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Small Towns, Tiny Villages

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Class Year: 
Civil & Environmental Engineering
I’ve gained a lot of insight into the issues surrounding water access, started to develop some interesting research questions to pursue in the future.

If there is one thing I have learned in life, it’s that small towns are pretty much the same wherever you go.  I’m currently living in Lwak, Kenya which is located in the Nyanza province and is about 5 km from the shore of Lake Victoria.  It’s a beautiful area and the Luo people are some of the most gracious I’ve met.  Like many other small towns, the people lead relatively simple lives, are friendly and outgoing although somewhat suspicious of outsiders, the food is predominantly local, and the kids are curious and interested in new things.

I’m living in Lwak as part of a research project on water access.  Our study is an interdisciplinary collaboration between 3 professors (Jenna Davis, Civil & Environmental Engineering; Eran Bendavid, School of Medicine; and Roz Naylor, Food Security Institute), a fast-tracking Post-doc (Amy Pickering, CEE), and the Kenya Medical Research Institute/Centers for Disease Control-Kenya (KEMRI/CDC).  The project aims to understand the complex relationship that exists between water access (both quality and quantity), food security, and health.   We have selected to focus our study on children under 5 years old and women of child-bearing age (18-49 yrs) and will be measuring growth and disease outcomes to help answer the question if it is more important to have access to higher quality water (less microbiological contamination) or higher quantities of water.  Water, food security and health are linked in many ways; contaminated water can cause waterborne disease, water can be used to grow food to sell or eat, nutritional status can affect the progression of diseases like HIV.

Our collaborators at KEMRI/CDC have established an intensive health and demographic surveillance system (HDSS) in this region that visits every household within the study area quarterly to maintain a current census of the people and their major health issues.  KEMRI/CDC also operates the International Emerging Infections Program (IEIP), which is a more targeted program within a subset of this study area that visits households every 14 days to learn more about the infectious disease burden among this population, which has been plagued with high child and adult mortality rates.  The 33 villages enrolled in IEIP are located within a 5 km radius of the local hospital, St. Elizabeth Lwak Mission Hospital.  All households enrolled in this program receive free (subsidized by KEMRI/CDC) medical care for any infectious disease at the hospital.  Our research team selected this area to conduct our research due to the amazing infrastructure and wealth of pertinent data currently collected by KEMRI/CDC.  In addition, last year the government constructed a water treatment plant that provides chlorinated water for a small fee at several public taps throughout the community.

The project is being implemented by 3 different field teams.  First, we are utilizing the quarterly HDSS survey team to administer a household Water Access Survey that includes questions about the water source and type of food household members consume.  The water questions cover topics such as what type of water source the household uses (spring, borewell, public tap, shallow well, pond, river), the time it takes to walk to the water source, how much/if they have to pay for water, if they treat the water, and how much water they use for different purposes (cooking, drinking, washing clothes, bathing, water crops or gardens).  The food security questions include what foods the mother and children have eaten in the past day, how often the family goes to sleep still hungry, what type of crops the family grows, and if they sell their crops, consume them or both.  The second team consists of  6 community interviewers that are visiting households to take body measurements (height, weight, and arm circumference) on mothers and children under 5 that will help us to assess nutritional status.  The final team is the water team (with whom I primarily work with) and they are responsible for conducting an inventory and sampling water sources within the study area and also collecting samples of stored water used for drinking, cooking and other domestic purposes from select households.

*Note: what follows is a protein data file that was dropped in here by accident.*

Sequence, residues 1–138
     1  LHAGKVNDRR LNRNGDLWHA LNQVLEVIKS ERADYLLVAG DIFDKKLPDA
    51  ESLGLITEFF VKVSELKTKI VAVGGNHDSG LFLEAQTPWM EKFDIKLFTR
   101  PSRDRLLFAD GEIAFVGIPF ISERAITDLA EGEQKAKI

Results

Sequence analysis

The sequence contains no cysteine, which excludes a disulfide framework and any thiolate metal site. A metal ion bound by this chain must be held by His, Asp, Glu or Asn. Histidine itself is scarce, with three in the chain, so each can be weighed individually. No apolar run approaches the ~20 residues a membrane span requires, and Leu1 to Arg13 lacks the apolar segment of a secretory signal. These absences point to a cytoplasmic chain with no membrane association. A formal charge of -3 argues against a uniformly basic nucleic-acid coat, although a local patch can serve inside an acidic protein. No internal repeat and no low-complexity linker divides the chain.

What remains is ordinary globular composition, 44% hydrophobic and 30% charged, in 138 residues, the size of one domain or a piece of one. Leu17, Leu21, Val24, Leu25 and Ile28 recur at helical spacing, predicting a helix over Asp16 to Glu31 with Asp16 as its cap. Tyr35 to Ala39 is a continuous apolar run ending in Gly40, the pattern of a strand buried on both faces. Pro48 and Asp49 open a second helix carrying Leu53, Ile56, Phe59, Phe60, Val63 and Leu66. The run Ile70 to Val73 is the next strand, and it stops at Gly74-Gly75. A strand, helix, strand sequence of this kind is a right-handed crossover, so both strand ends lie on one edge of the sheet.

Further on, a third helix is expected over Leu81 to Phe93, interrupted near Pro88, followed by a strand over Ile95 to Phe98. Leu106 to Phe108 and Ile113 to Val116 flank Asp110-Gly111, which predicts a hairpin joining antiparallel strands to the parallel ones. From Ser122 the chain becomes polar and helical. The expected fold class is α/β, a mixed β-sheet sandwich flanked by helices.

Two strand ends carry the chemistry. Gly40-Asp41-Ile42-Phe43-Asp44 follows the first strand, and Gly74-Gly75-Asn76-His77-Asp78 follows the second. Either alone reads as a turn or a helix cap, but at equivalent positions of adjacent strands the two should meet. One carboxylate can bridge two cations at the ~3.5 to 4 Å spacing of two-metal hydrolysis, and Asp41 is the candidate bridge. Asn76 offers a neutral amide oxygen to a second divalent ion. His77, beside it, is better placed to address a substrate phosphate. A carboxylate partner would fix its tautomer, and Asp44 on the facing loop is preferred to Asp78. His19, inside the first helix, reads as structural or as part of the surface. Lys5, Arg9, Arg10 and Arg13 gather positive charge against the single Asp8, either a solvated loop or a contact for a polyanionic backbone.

I’ve been here for almost 2 months now and have trained the water team on how to conduct a brief questionnaire, how to measure chlorine residual in the water (when it is from the public tap or a house reports using chlorine to treat the water), and also how to collect and analyze microbiological samples. They are measuring 100 mL of water for total coliforms (a general class of indicator bacteria) and E. coli(a type of bacteria found only in feces and indicative of fecal contamination).   I’ve gained a lot of insight into the issues surrounding water access, started to develop some interesting research questions to pursue in the future, and have been asked by more than one person if Obama sent me from America to help them (his grandmother lives about 25km from here).  Several of the children are enamored with my hammock, called “suore” (swing) in the local language Luo, and I’ve worked out an agreement where they can use it all day in return for giving me a 1 hour Luo lesson.  I’ve been renamed Jessica Adhiambo, the Luo name for people born in the evening (I was required to contact my mother to confirm my time of birth) and am often greeted by those who know me as just Adhimabo as I ride my bicycle through the study area.  This morning when I looked at the small notebook that I carry, I realized that one of the children had written “Jesika Adhiambo” on the front of it for me!